How many chances should a self-identified drug addict get before his employer decides “enough is enough?”
That is the solemn question facing the Major League Baseball Players Association as they contemplate the fourth violation of MLBPA’s drug policy by Los Angeles Angels outfielder Josh Hamilton.
The saga of Josh Hamilton is not your typical sports drug case (if there is such a thing). Hamilton has not being accused of using PEDs (Performance Enhancing Drugs) or abusing HGH.
Rather, Josh Hamilton’s case is rare, if not unprecedented, for America’s favorite pastime. This gifted athlete and winner of the 2010 American League Most Valuable Player Award has openly admitted to a decade-long struggle with alcohol and drug addiction.
The chronological review of Hamilton’s addiction is a rollercoaster:
- He was first suspended from baseball from February 2004 to June 2006 for cocaine and alcohol addiction.
- He was granted reinstatement in 2006 and agreed to undergo drug testing three times a week for the rest of his career.
- Then he suffered alcohol relapses in 2009 and again in 2012.
- In February 2014, when Hamilton realized his regular drug test was unavoidable and knew it would come out positive for alcohol and cocaine, he decided to self-report his relapse.
Now our worldwide sports-crazed population watches closely as Major League Baseball determines the fate of this baseball icon living his life at the mercy of addiction.
What Happens Next
There is no doubt that Hamilton will incur some type of suspension due to his alcohol and cocaine relapse. Currently, MLBPA penalties are covered under the JDA (Joint Drug Agreement). Penalties range from suspension for 15 games (first offense) to complete suspension for at least one year (fourth offense).
Reviewing sports history, America seems to be the land of second chances. Most recently, New York Yankee Alex Rodriguez received a 162 game suspension for his use of illegal drugs to enhance his performance. When Rodriguez came to the plate this week for the first time after serving his exiled season, the crowd seemed to welcome him back and forgive his sins and violations.
But Hamilton’s case is unique. There has been intense controversy as to whether or not his alcohol and cocaine violations should fit into the JDA’s schedule of penalties which were primarily designed for PED exploitation.
A four-person committee last week could not agree on a suspension for this ballplayer so now the case is being presented to an arbitrator. Ultimately, new Commissioner Rob Manfred has the final word on the penalty length.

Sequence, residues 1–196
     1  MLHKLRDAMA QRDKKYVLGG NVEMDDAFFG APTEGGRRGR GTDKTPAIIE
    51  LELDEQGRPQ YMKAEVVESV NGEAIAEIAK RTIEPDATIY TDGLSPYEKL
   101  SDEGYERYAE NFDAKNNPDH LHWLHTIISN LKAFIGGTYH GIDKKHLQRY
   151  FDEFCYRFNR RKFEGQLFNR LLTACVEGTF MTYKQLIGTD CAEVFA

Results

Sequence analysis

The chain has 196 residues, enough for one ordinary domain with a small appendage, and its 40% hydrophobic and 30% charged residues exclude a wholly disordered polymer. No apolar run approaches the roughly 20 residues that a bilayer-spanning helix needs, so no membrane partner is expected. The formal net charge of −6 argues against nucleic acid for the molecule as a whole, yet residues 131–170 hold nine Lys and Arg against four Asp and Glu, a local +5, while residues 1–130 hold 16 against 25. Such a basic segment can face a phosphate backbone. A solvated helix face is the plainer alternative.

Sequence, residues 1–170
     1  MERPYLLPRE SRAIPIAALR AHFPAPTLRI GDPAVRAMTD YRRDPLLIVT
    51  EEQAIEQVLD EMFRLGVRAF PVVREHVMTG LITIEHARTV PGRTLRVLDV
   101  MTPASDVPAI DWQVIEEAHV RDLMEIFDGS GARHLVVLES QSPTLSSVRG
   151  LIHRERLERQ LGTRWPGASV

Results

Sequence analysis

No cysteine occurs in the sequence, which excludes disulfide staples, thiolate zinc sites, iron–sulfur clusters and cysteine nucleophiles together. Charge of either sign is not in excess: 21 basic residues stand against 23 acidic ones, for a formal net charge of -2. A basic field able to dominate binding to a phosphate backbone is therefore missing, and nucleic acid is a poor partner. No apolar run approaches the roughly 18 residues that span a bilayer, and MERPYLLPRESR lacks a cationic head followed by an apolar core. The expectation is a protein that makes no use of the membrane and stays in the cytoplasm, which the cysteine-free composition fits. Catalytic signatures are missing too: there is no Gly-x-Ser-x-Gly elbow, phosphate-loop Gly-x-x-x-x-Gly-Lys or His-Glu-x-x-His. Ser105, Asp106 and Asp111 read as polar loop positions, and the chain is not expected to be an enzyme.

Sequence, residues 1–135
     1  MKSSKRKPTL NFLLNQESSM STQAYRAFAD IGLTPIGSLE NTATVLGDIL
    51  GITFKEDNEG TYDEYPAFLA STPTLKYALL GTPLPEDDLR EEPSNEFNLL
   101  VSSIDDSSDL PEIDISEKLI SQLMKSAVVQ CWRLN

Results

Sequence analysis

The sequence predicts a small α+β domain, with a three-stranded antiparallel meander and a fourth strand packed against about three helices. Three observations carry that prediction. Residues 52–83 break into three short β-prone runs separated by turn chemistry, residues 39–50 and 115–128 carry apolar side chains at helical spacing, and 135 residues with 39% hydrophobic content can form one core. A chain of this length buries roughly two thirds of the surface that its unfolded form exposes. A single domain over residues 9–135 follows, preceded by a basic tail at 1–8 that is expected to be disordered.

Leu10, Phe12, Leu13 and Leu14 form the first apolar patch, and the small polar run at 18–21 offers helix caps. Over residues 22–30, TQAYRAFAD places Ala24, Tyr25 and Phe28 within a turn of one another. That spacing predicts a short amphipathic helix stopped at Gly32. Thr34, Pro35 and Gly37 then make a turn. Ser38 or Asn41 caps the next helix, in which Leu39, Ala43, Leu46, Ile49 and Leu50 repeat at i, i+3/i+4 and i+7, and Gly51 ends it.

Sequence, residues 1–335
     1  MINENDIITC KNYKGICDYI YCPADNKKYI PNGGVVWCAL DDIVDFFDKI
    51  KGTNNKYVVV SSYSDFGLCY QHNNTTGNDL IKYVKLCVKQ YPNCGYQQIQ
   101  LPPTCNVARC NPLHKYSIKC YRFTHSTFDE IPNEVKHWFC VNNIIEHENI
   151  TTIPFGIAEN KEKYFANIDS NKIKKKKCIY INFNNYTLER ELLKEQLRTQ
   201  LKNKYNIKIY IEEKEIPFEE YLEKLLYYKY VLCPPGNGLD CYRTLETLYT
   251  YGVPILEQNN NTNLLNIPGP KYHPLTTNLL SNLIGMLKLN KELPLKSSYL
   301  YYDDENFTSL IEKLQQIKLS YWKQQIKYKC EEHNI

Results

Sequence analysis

The verdict will not only affect Hamilton’s playing status, but his wallet as well.
Just prior to the 2013 season, Hamilton and the Los Angeles Angels agreed to a 5-year contract worth $125 million. This year, he is due to be paid $25 million.
If the arbitrator decides that Hamilton should enter rehab, then Hamilton would be paid his full salary for 30 days and half his salary for the next 30 days ($6.2 million total). However, if the judgment is suspension without the option of rehabilitation therapy, he would not be paid this year at all.
The upcoming ruling by Major League Baseball is an emotionally charged, divisive topic being debated not just on sports talk radio but among the community of professionals who treat addicts and addicts themselves as well.
Sobriety is a difficult road. Studies examining alcohol addiction indicate that 50% to 90% of alcoholics experience at least one relapse in the four years following sobriety. Hamilton is a living example of this data. Many may wonder, does a married father of three daughters have any chance at long-term recovery after several stints in rehabilitation?
Healthcare experts believe that the last thing Hamilton or any addict needs is time away from daily structure. Research has shown that addicts with excess free time are more inclined to relapse than those with a pre-planned routine.
And then there is the issue of money. Hamilton possesses endless financial resources that can easily provide further temptation to buy and abuse alcohol and cocaine.
A Real Disease?
The prevailing understanding is that addiction is a disease; it is an illness that requires constant monitoring and motivation to stay clean. And if addiction is an illness that can (and should) be treated, then punishment is not the appropriate decision.
Yes, Hamilton did violate baseball’s policy and failed his required drug and alcohol tests. But Josh Hamilton appears to be the first and only baseball player to confess his slipup in advance of his scheduled drug test. He didn’t hide. In fact, his admission can be viewed as a plea for help.
Does the fact that he volunteered to disclose his relapse mean he should be dealt in a different way as those in the league who lied? Is allowing Hamilton his financial compensation for violating MLBPA’s regulations unjust?
The predominant opinion seems to be that the league should treat rather than discipline an addict who proactively reaches out for support. Regardless of the resolution, the outcome of this contentious case will set precedence for other players and other sports for years to come.
The next chapter of Josh Hamilton’s life should be resolved this month.
Will it be four strikes and he’s out? Or is it rather four strikes and we make the realization that addicts require more assistance than punishment?
Rehab may provide Hamilton, his family, his teammates and society an opportunity to save the life of a talented 33-year-old recurring addict whose future goes far beyond the baseball field of dreams.